Workingmen will continue to demand more pay, and employers will continue to oppose them. This is the key-note to LAISSEZ FAIRE,-- everybody for himself and devil take the hindmost. It is upon this that the rampant individualist bases his individualism. It is the let-alone policy, the struggle for existence, which strengthens the strong, destroys the weak, and makes a finer and more capable breed of men. But the individual has passed away and the group has come, for better or worse, and the struggle has become, not a struggle between individuals, but a struggle between groups. So the query rises: Has the individualist never speculated upon the labor group becoming strong enough to destroy the capitalist group, and take to itself and run for itself the machinery of industry? And, further, has the individualist never speculated upon this being still a triumphant expression of individualism,--of group individualism,--if the confusion of terms may be permitted?

Jack London, The Class Struggle
Speech first given before a Ruskin Club banquet in the Hotel Metropole on Friday, October 9, 1903.

The artisan sensibility rejected the mass production that was becoming America it rebeled against the moderinization and dehumanization of the machinery of capitalism that denied individuality. And thus anarchism as expressed by American individualist socialists would find a comrade in William Morris and his Socialist Artisan Craft movement in England.

But the Great War came, amidst increasing working class strikes and rebellions, and thus Uncle Sam was born. The nativist patriotic representation of the new industrial military complex. And July 4th became a day not of celebration of freedom and labour but of the monopoly of power, economic and political, of the new American ruling class. A class that declared war on working people. And has continued that war at home and around the world for the last 100 years.

Anarchists were outlawed , arrested, deported, cleaned out by the State (regardless of the party in power) with the help of the American Federation of Labour, the churches, and of course all the other patriots. Laws were passed outlawing Anarchism and criminal syndicalism, the right of workers to form militant unions to overthrow capitalism. Those laws still exist on the books today.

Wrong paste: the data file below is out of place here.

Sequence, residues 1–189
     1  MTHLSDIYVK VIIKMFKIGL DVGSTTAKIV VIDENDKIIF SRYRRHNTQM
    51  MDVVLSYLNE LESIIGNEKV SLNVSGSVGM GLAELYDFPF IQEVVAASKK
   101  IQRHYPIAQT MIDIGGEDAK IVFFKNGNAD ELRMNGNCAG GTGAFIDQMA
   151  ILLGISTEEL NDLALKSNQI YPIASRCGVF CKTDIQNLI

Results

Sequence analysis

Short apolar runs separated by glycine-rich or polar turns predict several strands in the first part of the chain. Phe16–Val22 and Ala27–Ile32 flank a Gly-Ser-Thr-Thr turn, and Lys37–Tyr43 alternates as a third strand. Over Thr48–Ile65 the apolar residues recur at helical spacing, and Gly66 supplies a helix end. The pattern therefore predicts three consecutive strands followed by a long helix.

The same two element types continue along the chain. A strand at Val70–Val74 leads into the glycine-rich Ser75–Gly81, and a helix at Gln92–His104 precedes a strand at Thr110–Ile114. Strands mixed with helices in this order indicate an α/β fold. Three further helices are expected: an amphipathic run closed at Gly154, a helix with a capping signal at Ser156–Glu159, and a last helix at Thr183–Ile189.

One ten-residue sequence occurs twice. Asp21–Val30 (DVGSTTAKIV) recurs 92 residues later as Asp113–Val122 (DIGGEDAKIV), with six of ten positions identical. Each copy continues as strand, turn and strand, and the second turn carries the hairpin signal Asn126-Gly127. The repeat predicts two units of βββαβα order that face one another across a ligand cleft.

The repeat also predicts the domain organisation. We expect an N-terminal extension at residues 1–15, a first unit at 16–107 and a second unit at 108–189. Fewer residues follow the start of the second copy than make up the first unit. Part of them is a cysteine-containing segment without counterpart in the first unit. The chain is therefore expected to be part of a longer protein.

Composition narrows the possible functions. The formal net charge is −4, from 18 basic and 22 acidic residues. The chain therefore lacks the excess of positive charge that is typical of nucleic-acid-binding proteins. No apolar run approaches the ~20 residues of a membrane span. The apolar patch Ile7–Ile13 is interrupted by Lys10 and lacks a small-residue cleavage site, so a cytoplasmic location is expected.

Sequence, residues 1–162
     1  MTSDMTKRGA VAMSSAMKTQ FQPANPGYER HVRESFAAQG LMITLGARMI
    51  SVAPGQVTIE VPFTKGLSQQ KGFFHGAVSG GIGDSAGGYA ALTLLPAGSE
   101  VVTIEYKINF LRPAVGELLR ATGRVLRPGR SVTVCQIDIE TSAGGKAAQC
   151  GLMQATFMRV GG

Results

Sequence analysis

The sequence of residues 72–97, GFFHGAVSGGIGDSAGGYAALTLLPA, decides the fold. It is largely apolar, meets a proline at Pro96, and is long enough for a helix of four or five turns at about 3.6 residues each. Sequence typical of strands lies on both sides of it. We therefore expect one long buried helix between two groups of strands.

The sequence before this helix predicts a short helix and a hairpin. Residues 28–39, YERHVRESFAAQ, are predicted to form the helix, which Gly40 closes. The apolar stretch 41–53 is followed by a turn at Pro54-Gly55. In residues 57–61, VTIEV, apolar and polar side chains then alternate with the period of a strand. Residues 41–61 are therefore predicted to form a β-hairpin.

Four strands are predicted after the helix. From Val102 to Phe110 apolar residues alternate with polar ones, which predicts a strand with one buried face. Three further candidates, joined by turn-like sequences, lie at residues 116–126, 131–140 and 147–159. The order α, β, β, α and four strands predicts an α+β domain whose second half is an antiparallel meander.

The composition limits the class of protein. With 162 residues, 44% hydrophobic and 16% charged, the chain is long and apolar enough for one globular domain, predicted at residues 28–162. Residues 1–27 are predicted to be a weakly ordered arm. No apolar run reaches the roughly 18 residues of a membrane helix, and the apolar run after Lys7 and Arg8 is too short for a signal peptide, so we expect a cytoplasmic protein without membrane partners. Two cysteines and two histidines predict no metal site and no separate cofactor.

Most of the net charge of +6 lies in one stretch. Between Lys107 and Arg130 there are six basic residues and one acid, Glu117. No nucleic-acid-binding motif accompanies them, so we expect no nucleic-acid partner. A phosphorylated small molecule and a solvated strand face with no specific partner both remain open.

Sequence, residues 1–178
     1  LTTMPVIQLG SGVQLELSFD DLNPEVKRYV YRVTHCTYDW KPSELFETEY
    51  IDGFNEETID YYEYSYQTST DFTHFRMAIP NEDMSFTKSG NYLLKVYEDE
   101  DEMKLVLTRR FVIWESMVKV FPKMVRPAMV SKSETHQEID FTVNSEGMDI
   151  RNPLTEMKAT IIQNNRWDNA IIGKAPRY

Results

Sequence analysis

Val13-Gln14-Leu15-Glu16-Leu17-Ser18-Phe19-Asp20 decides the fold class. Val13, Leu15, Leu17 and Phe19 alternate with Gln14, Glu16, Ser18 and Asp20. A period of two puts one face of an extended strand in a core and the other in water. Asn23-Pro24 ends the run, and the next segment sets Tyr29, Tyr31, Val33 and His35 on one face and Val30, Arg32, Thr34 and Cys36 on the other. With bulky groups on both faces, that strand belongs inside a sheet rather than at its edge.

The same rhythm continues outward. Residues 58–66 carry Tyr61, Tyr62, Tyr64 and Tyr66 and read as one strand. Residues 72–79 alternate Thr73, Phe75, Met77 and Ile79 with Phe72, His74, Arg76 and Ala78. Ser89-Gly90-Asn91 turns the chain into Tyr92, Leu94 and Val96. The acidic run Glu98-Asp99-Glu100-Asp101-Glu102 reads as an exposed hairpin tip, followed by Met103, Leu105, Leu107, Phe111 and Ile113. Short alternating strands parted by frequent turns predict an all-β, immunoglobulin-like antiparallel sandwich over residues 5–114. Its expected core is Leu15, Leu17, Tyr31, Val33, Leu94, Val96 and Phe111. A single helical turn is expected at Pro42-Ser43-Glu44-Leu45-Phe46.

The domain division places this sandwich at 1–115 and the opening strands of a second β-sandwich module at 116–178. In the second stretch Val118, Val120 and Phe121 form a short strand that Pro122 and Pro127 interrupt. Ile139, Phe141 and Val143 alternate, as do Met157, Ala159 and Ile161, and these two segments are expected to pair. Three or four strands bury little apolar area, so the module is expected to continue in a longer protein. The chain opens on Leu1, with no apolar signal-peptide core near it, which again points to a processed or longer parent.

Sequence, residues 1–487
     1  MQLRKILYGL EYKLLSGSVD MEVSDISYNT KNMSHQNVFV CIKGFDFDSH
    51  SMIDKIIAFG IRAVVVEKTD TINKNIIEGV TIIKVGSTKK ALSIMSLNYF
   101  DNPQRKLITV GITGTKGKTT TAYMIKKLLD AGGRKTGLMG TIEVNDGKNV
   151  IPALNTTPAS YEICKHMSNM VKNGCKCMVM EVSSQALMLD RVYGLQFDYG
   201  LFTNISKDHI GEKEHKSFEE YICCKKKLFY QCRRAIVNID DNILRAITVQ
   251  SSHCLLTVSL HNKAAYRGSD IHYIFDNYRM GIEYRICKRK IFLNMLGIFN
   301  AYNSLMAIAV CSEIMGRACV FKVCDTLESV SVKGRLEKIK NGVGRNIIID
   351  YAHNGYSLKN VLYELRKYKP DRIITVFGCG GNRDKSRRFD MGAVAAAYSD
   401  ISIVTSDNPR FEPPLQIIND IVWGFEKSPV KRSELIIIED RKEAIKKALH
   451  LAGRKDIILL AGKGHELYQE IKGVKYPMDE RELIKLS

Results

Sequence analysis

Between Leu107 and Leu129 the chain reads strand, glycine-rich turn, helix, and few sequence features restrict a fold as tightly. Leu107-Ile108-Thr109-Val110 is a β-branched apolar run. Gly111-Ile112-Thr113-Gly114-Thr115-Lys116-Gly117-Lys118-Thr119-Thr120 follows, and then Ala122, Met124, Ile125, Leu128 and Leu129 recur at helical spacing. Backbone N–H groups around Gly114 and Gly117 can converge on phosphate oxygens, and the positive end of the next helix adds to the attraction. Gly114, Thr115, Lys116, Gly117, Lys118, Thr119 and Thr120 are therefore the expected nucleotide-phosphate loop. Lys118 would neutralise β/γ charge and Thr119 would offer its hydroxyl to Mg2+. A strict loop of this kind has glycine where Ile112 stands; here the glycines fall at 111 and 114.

Which is a great seque into this Independence Day in a nation that is both isolationist and imperialist, patriotic to a fault, where both the Democrats and Republicans and their right and left supporters, continue to battle to maintain their monopoly on power.

Where Free Trade is a euphimism like Freedom. Meaning exactly its opposite in practice. Where liberty is a brand of insurance. Where neo-conservatives are defined as libertarians, and liberals are Republican lite. Today the criminal syndicalism act and the anti-anarchist act are replaced with the equally vile Patriot act. Where War is Peace, and Freedom Wage Slavery.

The fearmongering, the palatable terror of shallow patriotism has once again come around full circle. The President says 'yer fer us or against us', and he means those who hold the monopoly on power. Be it Wall Street, the Pentagon, the churches or the government.

All that is old is new again. There is good reason to harken back to the Vietnam war. Unlike the Korean War which was the hot cover for a Cold War that had begun ten years earlier, Vietnam was a catalyst for social change in America. A new left and a new right, a libertarian movement emerged in America in the sixties in opposition to the War. And today that movement is once again active opposing the current war in Iraq.

The neo-con artists who claim the title libertarian, are nothing of the sort, their ilk is merely the Republican party of Nixon and Goldwater. And once again the old boys from the late sixties are in power, in the media, in the universities, in the corporations and in the government. Even Kerry who was a Seventies radical, disavowed his anti-war activism during his campaign for President. His saluting to the nation hoping to become Commander in Chief wa for naught. Why vote for Republican lite when you can have the real thing.

But the sixties didn't die when everyone started becoming hip capitalists. There was an essential movement towards a revival of anarchistic socialism as Tucker called it. A movement of the real Libertarian Left and Right.

And it has been revived, again. The timing could not be better. The new right is the old right, the new left is the old left. An anti-statist, anti-imperialist, anti-capitalist libertarian movement was begun in the early sixties, and it is essential to see it continue today.